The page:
The Kallak North deposit, which explorer and developer Beowulf Mining has been lobbying Sweden to exploit, has the potential to produce an exceptionally high-grade magnetite concentrate of 71.5% iron content.
London-listed Beowulf Mining on Thursday announced findings of an expert market assessment by Dr Bo Arvidson, who investigated the products from Kallak North based on laboratory and pilot plant testwork.
The assessment determined that Kallak had the potential to be a market leader in high-grade magnetite. The next best magnetite product is Swedish State-owned iron-ore miner LKAB’s, which produces magnetite fines with a target specification of 70.7% iron content.
The announcement sent Beowulf’s stock surging 20% to 6p a share, giving the junior a market capitalisation of £36.1-million.
"The Kallak deposit is unique considering the quality of the magnetite concentrate it can produce,” said Beowulf CEO Kurt Budge, adding that Arvidson’s assessment had validated what Beowulf had been saying about Kallak since 2015.
"Sweden wants to be a leader in sustainable mining and a ‘green transition’. When considering Kallak's magnetite concentrate, you have a product that 'ticks all the boxes', that can increase energy efficiency, reduce the carbon footprint of traditional steel manufacturing, minimise waste and the impact of waste disposal.”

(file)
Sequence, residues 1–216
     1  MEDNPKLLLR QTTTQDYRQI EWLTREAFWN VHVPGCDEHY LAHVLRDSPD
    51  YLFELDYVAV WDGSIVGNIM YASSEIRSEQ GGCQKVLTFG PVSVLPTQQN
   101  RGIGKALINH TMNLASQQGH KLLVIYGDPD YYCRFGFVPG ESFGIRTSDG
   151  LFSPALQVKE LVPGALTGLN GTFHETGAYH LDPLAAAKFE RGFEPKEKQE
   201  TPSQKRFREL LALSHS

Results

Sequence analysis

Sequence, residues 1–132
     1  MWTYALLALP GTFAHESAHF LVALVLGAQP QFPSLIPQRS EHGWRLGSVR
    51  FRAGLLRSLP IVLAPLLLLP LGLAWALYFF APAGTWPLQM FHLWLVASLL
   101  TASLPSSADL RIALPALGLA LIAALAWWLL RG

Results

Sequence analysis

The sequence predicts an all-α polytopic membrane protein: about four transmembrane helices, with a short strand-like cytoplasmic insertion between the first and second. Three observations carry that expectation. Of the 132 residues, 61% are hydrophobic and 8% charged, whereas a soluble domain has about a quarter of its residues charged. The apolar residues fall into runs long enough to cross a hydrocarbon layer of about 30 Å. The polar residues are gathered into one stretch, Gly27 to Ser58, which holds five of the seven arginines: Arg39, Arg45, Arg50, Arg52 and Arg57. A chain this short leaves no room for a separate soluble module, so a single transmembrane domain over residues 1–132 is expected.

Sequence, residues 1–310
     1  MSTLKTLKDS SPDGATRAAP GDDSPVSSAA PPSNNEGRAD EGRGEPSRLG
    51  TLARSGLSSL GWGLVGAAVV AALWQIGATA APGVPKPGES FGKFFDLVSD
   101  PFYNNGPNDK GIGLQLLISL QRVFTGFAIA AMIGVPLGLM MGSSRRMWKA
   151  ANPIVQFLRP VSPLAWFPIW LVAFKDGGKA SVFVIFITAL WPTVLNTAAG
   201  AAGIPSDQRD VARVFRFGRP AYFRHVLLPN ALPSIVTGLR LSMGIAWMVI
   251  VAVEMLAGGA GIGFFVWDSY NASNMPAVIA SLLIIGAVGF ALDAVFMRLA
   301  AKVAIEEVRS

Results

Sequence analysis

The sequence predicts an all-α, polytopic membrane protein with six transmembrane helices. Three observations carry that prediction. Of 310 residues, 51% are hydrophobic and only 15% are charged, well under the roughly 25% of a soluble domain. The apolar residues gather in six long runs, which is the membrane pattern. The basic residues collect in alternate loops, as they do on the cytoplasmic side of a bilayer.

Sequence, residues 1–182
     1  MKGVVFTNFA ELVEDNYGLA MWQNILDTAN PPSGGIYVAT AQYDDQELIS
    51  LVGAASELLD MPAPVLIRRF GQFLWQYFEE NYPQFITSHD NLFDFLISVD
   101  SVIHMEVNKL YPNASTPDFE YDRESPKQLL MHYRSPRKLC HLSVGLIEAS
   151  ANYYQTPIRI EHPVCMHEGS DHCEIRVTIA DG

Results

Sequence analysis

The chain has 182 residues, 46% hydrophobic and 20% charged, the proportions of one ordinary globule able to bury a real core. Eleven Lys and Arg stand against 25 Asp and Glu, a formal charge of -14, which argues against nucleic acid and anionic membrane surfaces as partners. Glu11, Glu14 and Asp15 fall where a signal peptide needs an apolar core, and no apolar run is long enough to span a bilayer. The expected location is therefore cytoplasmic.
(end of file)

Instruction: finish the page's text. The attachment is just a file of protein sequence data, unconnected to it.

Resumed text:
Magnetite has inherent energy content, which ultimately results in lower energy demand for steel manufacturing when compared with current common practice.
At the recent startup of the HYBRIT plant – a joint initiative between steel manufacturer SSAB, miner LKAB and energy company Vattenfall to develop a fossil-free ore-based steelmaking process – Prime Minister Stefan Löfven spoke of the historic opportunity to do things that provide jobs, while hastening the climate transition.
"Sweden's ambition is for fossil-free steel production and to do that you need high-quality feedstock. It is potentially an important tool in the Swedish government's ambition to make green transition part of its efforts to restart the Swedish economy after the Covid-19 crisis. That's where Beowulf believes Kallak fits into the 'big picture', bringing much need investment and hundreds of jobs to Jokkmokk and Norrbotten,” said Budge.
He added that, with iron-ore prices at elevated levels, now was the time for Sweden to give Kallak the “green light”.